"When I see that no longer any aborigines are to be found there, and that the vast herds of elks, deer, and buffaloes which once pastured on these hills and in these valleys... have ceased to exist; when I reflect that all this grand portion of our Union, instead of being in a state of nature, is now more or less covered with villages, farms, and towns... when I remember that these extraordinary changes have all taken place in the short period of twenty years, I pause, wonder, and although I know all to be fact, can scarcely believe its reality."(p337).

In that sense, while this is a comprehensive biography of Audubon, and brings him very much to life, it's also a terrific on-the-ground complement to broader political and economic histories of America in the first half of the 1800s. Thanks to Audubon's many moves and travels - in Virginia and Pennsylvania, along the Ohio, down to Louisiana, to New York, Charleston, and Florida; to Maine and Labrador - the book gives a rich, geographically diverse view of America in this era as well. ( )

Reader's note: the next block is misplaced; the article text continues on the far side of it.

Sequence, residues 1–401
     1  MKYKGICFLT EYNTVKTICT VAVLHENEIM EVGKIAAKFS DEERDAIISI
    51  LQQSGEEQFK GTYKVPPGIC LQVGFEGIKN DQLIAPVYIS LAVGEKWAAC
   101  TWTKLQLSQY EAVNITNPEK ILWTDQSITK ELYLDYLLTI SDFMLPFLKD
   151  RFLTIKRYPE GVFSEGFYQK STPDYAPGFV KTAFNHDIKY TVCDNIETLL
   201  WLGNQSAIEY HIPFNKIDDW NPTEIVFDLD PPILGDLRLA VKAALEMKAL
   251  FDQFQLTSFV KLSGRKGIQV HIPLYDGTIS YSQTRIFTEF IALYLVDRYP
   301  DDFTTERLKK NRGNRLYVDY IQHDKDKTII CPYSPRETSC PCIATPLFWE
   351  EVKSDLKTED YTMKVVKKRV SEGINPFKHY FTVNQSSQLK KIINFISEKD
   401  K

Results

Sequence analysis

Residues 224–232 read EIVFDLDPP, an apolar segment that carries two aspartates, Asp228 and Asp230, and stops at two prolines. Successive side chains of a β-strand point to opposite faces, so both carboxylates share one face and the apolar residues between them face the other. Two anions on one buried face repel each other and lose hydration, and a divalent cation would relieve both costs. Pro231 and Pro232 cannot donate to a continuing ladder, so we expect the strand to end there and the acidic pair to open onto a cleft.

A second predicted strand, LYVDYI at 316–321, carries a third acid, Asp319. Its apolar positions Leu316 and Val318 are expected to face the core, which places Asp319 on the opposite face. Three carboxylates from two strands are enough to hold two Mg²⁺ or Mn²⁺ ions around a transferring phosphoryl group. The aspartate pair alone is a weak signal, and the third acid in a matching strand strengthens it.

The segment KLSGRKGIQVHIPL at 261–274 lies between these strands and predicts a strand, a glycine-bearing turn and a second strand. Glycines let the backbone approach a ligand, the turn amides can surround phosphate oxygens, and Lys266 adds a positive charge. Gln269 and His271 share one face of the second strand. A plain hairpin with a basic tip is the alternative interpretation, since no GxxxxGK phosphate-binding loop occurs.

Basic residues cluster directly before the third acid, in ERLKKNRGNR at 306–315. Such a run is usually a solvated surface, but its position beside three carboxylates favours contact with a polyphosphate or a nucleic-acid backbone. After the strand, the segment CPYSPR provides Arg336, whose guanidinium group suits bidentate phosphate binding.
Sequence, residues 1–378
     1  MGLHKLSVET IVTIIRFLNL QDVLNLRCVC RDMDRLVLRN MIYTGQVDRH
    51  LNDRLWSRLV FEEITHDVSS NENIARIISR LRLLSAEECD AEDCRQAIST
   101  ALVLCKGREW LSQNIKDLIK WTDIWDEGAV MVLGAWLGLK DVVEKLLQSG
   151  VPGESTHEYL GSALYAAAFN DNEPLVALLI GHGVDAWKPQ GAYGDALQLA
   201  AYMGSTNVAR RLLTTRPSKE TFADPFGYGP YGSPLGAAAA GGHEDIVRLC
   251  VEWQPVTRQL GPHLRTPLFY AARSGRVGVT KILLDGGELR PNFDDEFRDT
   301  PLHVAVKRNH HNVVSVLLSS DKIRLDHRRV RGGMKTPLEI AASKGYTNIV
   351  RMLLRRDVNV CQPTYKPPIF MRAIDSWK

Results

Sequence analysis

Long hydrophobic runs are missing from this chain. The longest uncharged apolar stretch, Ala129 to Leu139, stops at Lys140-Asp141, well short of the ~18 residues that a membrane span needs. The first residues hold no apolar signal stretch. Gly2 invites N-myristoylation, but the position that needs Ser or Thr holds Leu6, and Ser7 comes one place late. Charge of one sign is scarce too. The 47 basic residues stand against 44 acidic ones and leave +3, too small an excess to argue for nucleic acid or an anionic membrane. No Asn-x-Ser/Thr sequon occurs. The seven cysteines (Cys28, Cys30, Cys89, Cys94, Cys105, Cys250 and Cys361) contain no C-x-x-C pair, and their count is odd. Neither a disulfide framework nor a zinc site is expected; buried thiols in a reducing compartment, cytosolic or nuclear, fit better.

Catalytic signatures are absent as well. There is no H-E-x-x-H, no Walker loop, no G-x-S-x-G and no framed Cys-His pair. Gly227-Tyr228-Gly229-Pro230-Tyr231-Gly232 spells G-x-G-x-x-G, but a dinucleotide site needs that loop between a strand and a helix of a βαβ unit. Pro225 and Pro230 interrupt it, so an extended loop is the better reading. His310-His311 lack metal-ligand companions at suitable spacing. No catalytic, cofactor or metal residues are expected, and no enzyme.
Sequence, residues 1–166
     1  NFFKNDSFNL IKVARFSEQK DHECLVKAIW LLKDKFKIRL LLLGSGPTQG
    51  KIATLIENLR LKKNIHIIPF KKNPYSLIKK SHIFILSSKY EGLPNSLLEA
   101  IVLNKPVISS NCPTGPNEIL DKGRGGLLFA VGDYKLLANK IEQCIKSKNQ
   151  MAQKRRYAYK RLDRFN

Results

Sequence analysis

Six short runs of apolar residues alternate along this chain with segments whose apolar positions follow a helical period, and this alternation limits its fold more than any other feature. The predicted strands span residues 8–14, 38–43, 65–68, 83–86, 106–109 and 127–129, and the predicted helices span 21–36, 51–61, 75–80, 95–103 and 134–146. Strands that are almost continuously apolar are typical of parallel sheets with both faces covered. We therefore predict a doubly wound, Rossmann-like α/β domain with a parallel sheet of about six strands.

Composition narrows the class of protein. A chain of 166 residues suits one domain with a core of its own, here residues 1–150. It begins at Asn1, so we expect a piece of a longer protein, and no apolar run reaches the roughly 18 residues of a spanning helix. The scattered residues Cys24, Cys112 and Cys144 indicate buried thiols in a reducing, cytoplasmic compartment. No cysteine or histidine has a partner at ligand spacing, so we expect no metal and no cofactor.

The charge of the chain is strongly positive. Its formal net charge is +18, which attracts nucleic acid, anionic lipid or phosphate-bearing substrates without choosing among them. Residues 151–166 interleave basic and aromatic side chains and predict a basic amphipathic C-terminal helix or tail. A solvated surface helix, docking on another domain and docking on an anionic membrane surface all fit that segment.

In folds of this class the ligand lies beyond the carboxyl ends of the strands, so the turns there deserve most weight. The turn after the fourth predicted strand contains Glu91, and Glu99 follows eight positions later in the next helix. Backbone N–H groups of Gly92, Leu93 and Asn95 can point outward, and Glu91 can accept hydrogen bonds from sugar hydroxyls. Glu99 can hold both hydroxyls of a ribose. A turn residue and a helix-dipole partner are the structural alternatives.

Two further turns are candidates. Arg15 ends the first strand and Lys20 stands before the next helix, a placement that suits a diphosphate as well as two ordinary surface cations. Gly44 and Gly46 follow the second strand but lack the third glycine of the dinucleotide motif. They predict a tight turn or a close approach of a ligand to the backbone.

bezoar44 | Mar 4, 2017 |